While I think that making the test shorter is a great idea, I am not sure that the changes they are making will remain fair for all students.
Here is why!
What happens if a student has greater difficulties in Listening, our strategy would be to become amazing at the other skills?
When a student has difficulties in Listening, Speaking tasks 4 & 6 can be super difficult because of the length of the audios and the very high vocabulary level.
In such cases, our strategy would be to focus on scoring really high on questions 1, 2,3 and 5. All of these questions give us the opportunity to give our opinions and personal examples. These four question types are much easier to answer because we know what to expect exactly, The structure to give a quality answer never changes.
Scoring high on these questions will help compensate for the lower scores we might see on questions 4 & 6.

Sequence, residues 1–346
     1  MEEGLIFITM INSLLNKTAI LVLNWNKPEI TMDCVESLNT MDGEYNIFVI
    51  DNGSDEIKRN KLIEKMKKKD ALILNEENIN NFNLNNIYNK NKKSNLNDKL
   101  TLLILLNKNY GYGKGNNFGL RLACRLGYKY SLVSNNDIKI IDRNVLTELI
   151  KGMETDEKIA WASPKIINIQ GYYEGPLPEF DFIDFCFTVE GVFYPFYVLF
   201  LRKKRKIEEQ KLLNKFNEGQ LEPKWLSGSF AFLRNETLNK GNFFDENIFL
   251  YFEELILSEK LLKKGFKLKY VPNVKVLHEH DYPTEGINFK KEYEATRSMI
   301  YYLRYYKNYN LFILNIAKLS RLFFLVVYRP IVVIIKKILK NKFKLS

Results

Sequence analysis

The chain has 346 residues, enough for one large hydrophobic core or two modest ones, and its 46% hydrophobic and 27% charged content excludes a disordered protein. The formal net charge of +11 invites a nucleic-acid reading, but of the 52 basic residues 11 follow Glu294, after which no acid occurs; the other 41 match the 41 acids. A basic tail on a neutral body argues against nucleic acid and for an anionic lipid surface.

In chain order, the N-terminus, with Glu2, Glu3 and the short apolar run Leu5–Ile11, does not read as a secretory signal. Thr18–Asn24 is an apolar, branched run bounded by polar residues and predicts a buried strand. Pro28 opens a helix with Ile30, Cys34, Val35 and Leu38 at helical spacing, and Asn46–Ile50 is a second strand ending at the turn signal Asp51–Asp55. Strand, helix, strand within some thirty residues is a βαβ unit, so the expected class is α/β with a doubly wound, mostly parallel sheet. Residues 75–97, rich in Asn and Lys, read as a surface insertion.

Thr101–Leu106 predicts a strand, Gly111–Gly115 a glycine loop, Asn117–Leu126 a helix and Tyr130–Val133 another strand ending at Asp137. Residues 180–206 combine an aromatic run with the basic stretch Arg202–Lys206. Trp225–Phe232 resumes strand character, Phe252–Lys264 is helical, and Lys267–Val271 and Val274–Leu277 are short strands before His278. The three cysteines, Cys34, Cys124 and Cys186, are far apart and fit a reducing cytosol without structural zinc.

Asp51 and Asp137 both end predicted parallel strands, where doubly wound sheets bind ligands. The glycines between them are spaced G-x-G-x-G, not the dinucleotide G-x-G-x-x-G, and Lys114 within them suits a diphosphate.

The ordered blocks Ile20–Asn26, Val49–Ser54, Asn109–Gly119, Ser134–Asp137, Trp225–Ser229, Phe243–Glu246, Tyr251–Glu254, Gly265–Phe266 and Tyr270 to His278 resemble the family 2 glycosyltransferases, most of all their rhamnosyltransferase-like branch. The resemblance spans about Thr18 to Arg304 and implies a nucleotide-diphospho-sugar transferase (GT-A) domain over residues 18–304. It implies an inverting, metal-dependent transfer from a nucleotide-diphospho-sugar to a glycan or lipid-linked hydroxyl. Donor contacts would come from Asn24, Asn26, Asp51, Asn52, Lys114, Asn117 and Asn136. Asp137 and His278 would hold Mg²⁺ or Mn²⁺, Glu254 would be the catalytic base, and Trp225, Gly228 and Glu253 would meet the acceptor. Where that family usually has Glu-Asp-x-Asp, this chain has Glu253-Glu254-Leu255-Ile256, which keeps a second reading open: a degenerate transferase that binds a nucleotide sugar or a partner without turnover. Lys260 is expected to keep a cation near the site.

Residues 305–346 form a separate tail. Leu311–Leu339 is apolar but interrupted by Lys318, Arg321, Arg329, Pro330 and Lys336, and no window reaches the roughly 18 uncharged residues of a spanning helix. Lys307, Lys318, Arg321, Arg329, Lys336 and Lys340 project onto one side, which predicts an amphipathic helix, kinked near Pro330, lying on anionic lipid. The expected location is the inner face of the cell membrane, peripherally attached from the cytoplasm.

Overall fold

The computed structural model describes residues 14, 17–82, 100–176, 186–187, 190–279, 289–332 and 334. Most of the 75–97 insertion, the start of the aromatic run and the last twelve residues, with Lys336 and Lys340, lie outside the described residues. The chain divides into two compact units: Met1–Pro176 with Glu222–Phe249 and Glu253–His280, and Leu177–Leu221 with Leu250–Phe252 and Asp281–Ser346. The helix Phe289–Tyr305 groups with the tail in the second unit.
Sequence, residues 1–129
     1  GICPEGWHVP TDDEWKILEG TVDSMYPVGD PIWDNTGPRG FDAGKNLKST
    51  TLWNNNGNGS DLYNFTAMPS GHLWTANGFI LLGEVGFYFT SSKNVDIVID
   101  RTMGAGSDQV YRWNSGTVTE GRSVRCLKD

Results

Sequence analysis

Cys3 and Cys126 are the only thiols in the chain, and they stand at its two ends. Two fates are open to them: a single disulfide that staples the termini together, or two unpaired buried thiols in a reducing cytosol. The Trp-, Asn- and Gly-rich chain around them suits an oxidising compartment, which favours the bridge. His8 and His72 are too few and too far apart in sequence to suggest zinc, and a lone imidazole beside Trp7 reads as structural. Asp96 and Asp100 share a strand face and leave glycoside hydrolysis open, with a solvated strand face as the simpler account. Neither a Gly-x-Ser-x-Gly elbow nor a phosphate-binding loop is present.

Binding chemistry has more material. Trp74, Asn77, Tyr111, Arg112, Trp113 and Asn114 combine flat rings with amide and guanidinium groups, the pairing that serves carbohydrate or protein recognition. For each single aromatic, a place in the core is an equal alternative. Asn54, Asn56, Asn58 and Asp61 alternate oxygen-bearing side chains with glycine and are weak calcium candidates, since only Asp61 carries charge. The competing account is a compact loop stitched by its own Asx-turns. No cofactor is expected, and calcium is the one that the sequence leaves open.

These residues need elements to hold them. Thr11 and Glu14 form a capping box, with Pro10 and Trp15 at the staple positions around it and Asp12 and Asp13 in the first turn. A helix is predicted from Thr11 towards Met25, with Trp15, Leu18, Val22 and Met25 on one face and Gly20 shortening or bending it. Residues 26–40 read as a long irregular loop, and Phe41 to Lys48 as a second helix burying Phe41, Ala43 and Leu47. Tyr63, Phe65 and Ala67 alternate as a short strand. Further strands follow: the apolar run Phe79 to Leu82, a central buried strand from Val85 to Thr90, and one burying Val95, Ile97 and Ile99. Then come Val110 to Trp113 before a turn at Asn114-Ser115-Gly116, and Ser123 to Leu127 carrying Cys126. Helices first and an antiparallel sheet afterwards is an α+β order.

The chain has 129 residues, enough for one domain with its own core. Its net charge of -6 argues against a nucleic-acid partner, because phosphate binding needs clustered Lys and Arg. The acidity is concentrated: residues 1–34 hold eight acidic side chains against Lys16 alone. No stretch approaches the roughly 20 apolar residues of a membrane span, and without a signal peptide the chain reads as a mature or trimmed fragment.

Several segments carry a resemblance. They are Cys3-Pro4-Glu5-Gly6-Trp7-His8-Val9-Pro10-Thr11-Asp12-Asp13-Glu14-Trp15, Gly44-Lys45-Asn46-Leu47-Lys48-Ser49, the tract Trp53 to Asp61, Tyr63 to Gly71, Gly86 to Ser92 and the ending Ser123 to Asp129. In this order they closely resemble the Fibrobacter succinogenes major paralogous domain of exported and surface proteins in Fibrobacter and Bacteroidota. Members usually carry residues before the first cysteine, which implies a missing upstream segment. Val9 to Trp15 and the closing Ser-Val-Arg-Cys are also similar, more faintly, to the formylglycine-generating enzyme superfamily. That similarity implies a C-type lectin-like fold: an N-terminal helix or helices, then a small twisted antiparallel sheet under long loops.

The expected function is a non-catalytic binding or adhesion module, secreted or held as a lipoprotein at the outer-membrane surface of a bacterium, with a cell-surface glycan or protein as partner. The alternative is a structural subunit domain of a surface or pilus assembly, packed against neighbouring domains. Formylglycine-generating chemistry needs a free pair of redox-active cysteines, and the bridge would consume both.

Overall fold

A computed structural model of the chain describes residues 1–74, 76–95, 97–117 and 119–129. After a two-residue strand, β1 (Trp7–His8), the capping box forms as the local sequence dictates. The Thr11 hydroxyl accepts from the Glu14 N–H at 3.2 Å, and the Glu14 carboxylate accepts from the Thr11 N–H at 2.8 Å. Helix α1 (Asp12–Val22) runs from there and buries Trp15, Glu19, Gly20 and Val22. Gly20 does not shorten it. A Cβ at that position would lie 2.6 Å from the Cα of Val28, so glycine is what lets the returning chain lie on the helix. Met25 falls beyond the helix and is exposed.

HOWEVER, THEY ARE REMOVING 2 OF THE 4 EASIER SPEAKING TASKS!
The Writing section will remain the same, with 2 tasks taking a total of 50 minutes. The test will still be scored on a 0–30 scale for each section, and 0–120 for the total score.
READING & LISTENING SECTIONS
It it difficult to determine the affect that the new test changes will have on scores because there is no mention (that I am aware of) of what question types will be eliminated or reduced.
Why would this be a problem?
We know that effectively answering vocabulary, recognizing referents(pronouns), and details questions will give us a higher probability of score well because there is a higher percentage of these question types on the exam, and these are the easier types to answer.
This could have a adverse affect on scores.
On the other hand, if they reduce or remove Inference, paraphrase, or rhetorical purpose questions, scores will greatly increase.
In short, the changes mean only one thing: You must improve your listening, vocabulary, and note taking skills to ensure these changes have no affect on YOUR SCORE!